Peaceful protest and a colonial era sedition law

Peaceful protest and a colonial era sedition law

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Hearing a bail plea this month of some of the accused charged for committing an act of ‘sedition,’ the Chief Justice of the Islamabad High Court asked a critical question of local authorities: How did peaceful assembly and demonstration qualify as an act of treason against the state?
The problem is a provision in the Pakistan Penal Code which defines sedition as any action by an individual or group that “brings or attempts to (affect) hatred or contempt, or excites disaffection” against the government. 
Such a ‘crime’ carries a life sentence. The description of sedition goes back to the British colonial era when the law was enacted to intimidate, persecute and imprison leaders of India and Pakistan’s freedom movement. It was not just a law on the books, but a real instrument of harassment against the activists who wanted the British to quit and grant independence. Many notable leaders, under this law, were arrested and faced harsh sentences.
Many of the draconian colonial laws have survived the independence of India and Pakistan, as they have served the political interests of the governments in power. 
However, rarely has the section act been applied, or even anybody convicted on this charge if the act is simply free speech or peaceful assembly. For decades, the law had been in dormancy and only revived very recently in a few cases involving some of the leaders of the Pakhtun Tahaffuz Movement (movement for the protection of Pashtun rights), and their supporters in urban areas. 
A few lines are necessary to explain the emergence of this movement and its ideology. Essentially, it is a Pashtun ethnic nationalist movement that has attracted youth of the frontier regions as well as ethnic activists from the entire province of Khyber Pakhtunkhwa. Interestingly, much of their activism is visible only in the cities of Punjab or in the capital, Islamabad. 

Many of the draconian colonial laws have survived the independence of India and Pakistan, as they have served the political interests of the governments in power. 

Rasul Bakhsh Rais

There is a reason for this. Most of these young men and women belong to families displaced by the Taliban war against the Pakistani state, and the counter-terrorism strategy of the country. They have been very vocal about the ‘missing’ persons, the killings of Pashtun youth in Karachi, the plight of displaced persons and their urgent resettlement in their native areas.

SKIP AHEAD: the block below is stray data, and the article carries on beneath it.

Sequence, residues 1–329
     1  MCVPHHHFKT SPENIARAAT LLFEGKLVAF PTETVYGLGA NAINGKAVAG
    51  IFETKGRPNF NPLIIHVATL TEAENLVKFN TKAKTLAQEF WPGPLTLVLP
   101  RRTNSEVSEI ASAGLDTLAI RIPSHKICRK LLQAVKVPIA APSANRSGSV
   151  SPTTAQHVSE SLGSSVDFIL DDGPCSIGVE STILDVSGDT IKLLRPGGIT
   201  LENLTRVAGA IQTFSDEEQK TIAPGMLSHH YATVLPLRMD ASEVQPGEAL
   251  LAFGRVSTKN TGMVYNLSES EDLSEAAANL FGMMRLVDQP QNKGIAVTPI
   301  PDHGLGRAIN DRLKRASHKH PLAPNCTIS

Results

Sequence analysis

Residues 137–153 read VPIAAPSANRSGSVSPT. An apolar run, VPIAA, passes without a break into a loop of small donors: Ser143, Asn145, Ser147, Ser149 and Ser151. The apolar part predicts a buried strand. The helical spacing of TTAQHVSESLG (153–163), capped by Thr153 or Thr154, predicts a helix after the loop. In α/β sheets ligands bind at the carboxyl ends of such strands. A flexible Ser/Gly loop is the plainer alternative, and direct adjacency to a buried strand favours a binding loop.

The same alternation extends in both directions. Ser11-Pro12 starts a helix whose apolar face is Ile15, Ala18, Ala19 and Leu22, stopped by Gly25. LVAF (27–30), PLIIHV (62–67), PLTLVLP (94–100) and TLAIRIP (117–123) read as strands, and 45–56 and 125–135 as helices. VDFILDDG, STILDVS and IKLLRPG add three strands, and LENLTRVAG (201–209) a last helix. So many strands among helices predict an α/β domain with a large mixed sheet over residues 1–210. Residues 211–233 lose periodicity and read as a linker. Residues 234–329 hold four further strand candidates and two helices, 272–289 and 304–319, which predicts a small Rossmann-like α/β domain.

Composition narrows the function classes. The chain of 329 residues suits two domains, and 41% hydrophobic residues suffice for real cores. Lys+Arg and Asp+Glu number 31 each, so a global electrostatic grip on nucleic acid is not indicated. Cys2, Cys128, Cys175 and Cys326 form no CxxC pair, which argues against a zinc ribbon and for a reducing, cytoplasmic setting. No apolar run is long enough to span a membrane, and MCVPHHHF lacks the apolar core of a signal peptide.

While most of these demands appear to be sensible, the movement has attracted into its fold some disgruntled elements, including those who have a long history of attacking the nation’s security forces, the state institutions, and even the very idea of the Pakistani state. 
They use a grey area of political language, symbolism and political activism that is neither in mainstream politics nor falls into the strict category of rebellion against the state. Much of the activism has remained peaceful, and well under the threshold of open conflict until May 25, 2019, when PTM leaders Mohsin Dawar and Ali Wazir led a protest march at a security check post at Kharqamar, North Waziristan that turned violent. 
Reportedly, three protesters were killed and 20 injured including five soldiers manning the post. The leaders were arrested and charged for sedition. After spending months in imprisonment, they were released by the courts on bail, but they and their supporters continued holding infrequent protest rallies.
It was during such a protest on Feb. 5, 2020, in Islamabad that dozens of activists, mostly college students were taken into custody. Political protests in Pakistan are very common, as weak democracy and desperate social and economic conditions are some of the causes that ignite occasional unrest. 
Unlike in Western democracies, politically and civically active groups seldom seek official approval for the protest; they just appear from nowhere and occupy the roads, crossing and market areas until the police intervene and disperse them-- which often involves the use of force. 
Compared to more chaotic and bigger protests, this was very small, as about 60 persons participated. Their arrest in ‘illegal’ assembly is understandable, but not the leveling of ‘sedition’ charges against them which has alarmed the media and civil society. Even the Minister for Human Rights of the Government of Pakistan, Shireen Mazari, has commented on the incident and criticized the sedition law as an “anachronism in an independent, democratic state.”
Chief Justice Athar Minnallah of the Islamabad High Court, while hearing a bail plea of the activists, raised the critical questions about what constitutes an act of sedition. 
He called the city magistrate to explain why he would term a peaceful protest an act of treason against the state. Questioning the law and the charges by the Chief Justice has given forces opposed to the government of Pakistan Tehreek-e-Insaf a lot of ammunition. The government has to do a lot of explaining to clear its name, but a lot of damage has already been done.
Sedition-- a very serious allegation should have been applied only after the most thorough scrutiny and investigation. On the face of it, the authorities were slacking at work, and that gives credence to the view that it was an attempt to control dissent and intimidate the protesters.

*Rasul Bakhsh Rais is Professor of Political Science in the Department of Humanities and Social Sciences, LUMS, Lahore. His latest book is “Islam, Ethnicity and Power Politics: Constructing Pakistan’s National Identity” (Oxford University Press, 2017).
Twitter: @RasulRais 

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